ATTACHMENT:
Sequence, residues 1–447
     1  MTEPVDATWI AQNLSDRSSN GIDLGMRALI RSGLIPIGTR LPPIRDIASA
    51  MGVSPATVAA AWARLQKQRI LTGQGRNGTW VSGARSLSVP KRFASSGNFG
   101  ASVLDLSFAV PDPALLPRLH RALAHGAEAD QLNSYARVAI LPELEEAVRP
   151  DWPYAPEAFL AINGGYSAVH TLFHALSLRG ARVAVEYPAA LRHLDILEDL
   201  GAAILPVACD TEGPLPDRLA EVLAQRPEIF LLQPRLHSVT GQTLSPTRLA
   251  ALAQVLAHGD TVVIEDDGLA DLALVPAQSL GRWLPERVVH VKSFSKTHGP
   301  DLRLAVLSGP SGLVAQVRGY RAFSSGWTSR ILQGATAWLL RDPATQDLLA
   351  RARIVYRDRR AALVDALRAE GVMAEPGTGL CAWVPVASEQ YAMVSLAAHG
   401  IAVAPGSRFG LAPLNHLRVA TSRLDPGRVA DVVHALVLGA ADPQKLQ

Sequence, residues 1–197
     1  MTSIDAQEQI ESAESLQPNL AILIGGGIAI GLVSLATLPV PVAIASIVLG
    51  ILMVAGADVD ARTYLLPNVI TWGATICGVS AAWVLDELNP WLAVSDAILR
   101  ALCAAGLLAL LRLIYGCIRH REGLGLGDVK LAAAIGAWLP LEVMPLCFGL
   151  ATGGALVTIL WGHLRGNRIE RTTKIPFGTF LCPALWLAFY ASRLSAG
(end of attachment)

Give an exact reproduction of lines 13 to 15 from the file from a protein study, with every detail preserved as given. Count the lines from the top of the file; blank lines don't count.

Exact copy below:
    51  ILMVAGADVD ARTYLLPNVI TWGATICGVS AAWVLDELNP WLAVSDAILR
   101  ALCAAGLLAL LRLIYGCIRH REGLGLGDVK LAAAIGAWLP LEVMPLCFGL
   151  ATGGALVTIL WGHLRGNRIE RTTKIPFGTF LCPALWLAFY ASRLSAG